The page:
And yet I keep this old dog near to my heart and bedside, even though he doesn’t smell so good anymore. Just as I worry that tomorrow will be the awful moment when I must decide to let him go painlessly, he revives himself and makes it through another day, not in discomfort or anxiety, but in that joyously simple state natural to dogs. He barks for breakfast, plays with his treat cube and runs, not so fast or gracefully, to see the deer pass through the woods.

So I breathe a sigh of relief and wait to see what tomorrow will bring. Will Wylie be there – lost? wild? staggering? happy? I’ve learned to love the new form of crazy, the new-old Wylie. One day, his bed and bowl, they’ll both be empty (and his bed will still smell like him). Today he’s here, breathing, and that’s enough.

Read more articles by Lexiann Grant

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The personal opinions and/or use of trade, corporate or brand names, is for information and convenience only. Such use does not constitute an endorsement by CANIDAE® All Natural Pet Foods of any product or service. Opinions are those of the individual authors and not necessarily of CANIDAE® All Natural Pet Foods.

Skye, My Special Needs Dog

I have mentioned my American Staffordshire Terrier Skye in several of my articles. Some of you may know of her health issues, but I thought I would share them with you because dogs, cats and other animals with special needs need loving homes too.

I was not going to get another dog for a while after losing my last AmStaff Smokey Bear to old age at over 19 years old. I live in the country and have done so for over ten years now, with never a qualm of being in the “boonies,” as some of my friends call it. However, a violent crime a few miles from my house changed my thinking and after discussing it with my boyfriend, we began looking for another dog to share our lives with.

I found a breeder who had a retired AmStaff that needed a home; however, after discussing her with the breeder I found out that the dog’s handler wanted to adopt her, too. I didn’t feel right about taking her away from the only family she had ever known, and the breeder understood. The breeder mentioned she had another dog that needed a home, but she was hesitant because this dog (Skye) had special needs. Skye is a beautiful representation of the American Staffordshire breed. However, when she turned a year old and went into season for the first time, she began having idiopathic juvenile seizures.

What this means is that she began having seizures for no apparent reason. Skye was checked for epilepsy and did not have it, but that didn’t keep her from having seizures. The breeder had taken Skye to not only a regular vet, but a homeopath as well, and Skye had even been to the state university’s veterinary college to try and figure out what was wrong with her. Skye had grand mal seizures in clusters, which means that she had the most severe seizures and for hours at a time. The breeder mentioned that the seizures had gotten so bad, sometimes she would spend the night next to Skye’s crate to try and keep her calm. Some nights she would kiss Skye good night and say a prayer that Skye would still be here in the morning.

After hearing this story, I am sure you are saying “What were you thinking?” It may be hard to understand, but I had no other thought than to give this special girl a safe, caring, loving home of her own. Don’t get me wrong, I did lots of research into not only seizures but epilepsy as well, as that was the best information I could find that explained seizures and why they happen. I spoke with family and friends to get their opinions of whether or not they felt I was up to the task. I spoke with a trainer, who knows not only me but all the other AmStaffs I have lived with that had special training issues. I also spoke with a friend that said “Run like hell in the other direction,” so this story is not without its detractors.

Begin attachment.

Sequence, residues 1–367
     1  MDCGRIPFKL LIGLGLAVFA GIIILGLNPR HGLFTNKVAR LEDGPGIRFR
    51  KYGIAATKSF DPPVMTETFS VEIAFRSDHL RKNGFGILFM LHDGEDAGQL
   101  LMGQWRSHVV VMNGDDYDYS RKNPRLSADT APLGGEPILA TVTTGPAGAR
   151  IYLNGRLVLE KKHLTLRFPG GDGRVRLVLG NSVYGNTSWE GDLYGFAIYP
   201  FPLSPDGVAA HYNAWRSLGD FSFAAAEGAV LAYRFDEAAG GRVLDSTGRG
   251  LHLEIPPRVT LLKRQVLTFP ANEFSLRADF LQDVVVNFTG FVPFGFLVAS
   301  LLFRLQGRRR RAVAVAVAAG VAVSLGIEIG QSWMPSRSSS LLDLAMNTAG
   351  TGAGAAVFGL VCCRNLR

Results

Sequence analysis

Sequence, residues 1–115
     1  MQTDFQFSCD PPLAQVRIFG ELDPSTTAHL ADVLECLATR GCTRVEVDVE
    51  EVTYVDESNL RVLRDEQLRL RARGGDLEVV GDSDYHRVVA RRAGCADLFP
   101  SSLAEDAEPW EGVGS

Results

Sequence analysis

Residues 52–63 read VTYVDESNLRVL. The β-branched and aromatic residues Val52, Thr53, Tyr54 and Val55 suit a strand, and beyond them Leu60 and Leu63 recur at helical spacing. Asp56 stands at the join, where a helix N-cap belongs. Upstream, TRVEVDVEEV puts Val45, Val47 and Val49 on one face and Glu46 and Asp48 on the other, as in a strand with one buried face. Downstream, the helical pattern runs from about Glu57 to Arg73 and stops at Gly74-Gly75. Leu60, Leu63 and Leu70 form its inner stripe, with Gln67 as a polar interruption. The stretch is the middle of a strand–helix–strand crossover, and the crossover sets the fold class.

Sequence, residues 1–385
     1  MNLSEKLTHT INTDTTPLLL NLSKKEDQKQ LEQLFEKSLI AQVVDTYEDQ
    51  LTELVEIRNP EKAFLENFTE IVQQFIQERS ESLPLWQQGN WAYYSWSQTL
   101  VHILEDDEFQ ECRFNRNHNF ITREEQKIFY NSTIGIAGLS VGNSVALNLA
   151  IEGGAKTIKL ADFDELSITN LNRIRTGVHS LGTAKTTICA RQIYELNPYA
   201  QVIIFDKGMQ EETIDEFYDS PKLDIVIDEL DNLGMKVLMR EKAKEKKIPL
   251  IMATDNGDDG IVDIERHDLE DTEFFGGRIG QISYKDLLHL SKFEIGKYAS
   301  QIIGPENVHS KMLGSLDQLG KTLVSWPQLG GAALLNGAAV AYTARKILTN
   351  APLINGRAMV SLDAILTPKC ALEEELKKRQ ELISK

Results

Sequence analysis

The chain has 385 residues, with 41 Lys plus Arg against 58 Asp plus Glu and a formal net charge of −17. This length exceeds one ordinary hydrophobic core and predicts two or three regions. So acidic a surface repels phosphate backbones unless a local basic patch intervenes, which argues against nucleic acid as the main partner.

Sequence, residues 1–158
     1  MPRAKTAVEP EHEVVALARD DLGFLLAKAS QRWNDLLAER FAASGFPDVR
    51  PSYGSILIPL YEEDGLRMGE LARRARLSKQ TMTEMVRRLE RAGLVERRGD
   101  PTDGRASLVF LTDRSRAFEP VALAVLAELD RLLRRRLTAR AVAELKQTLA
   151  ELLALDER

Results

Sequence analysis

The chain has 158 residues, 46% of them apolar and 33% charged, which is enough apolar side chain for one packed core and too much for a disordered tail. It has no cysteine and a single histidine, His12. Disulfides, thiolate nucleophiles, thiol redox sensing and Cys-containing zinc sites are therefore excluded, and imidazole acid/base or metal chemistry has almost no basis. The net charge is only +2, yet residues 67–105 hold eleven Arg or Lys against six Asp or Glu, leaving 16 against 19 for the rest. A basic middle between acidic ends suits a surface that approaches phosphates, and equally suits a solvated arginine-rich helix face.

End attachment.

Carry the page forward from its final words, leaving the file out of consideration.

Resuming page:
I even spoke with an animal communicator to see how Skye felt about leaving the only home she had ever known. Speaking through the animal communicator, Skye said she couldn’t understand why she was still at the breeder’s. She knew that other dogs had gone home with families and didn’t know why she hadn’t. I asked Skye if she knew why she had seizures and got a surprising response: Skye thought all dogs had them and thought it was normal, but couldn’t tell me why she had them. I asked the animal communicator to ask Skye if she had any questions for me. Skye did, and what she asked me made me cry. Skye wanted to know if she didn’t live very long if I could still love her as much as I would love another dog. I asked the animal communicator to please tell Skye that I would love her if she was with me for three days or twenty years, but that I was aiming for the twenty year range. I also asked Skye if she wanted to come and live with me and she answered “Yes.” This was important to me, because she was coming from a place with a huge back yard she could run in safely to a place where we had no dog fences yet and where she would have to be walked on a leash until we could remedy the situation.

The breeder had a few requirements for me as well. I had to go for an interview to see if I would be able to handle an AmStaff to her satisfaction. A handsome boy named Henry helped me with that one. Henry got nosy and I didn’t back up or walk away, I just pushed him back and treated him as I would have treated any of my other AmStaffs if they got bossy. I passed the test and after learning about Skye’s requirements I got to bring her home with me.

We go to Skye’s vet every six months for blood tests, so her medication levels can be checked. She also has blood tests to make sure that her kidney and liver functions are normal, because the medication she is on can affect that also. Skye is completely off of Phenobarbital now but is still on Sodium Bromide, which keeps her seizures in check. Actually, my sweet Skye is closing in on her year and a half anniversary of being seizure free, and we have been blessed to never have seen one.

I believe that with love and faith all things are possible, and I have been blessed with a dog that proves it to me every day.

Ruthie Bently

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The personal opinions and/or use of trade, corporate or brand names, is for information and convenience only. Such use does not constitute an endorsement by CANIDAE® All Natural Pet Foods of any product or service. Opinions are those of the individual authors and not necessarily of CANIDAE® All Natural Pet Foods.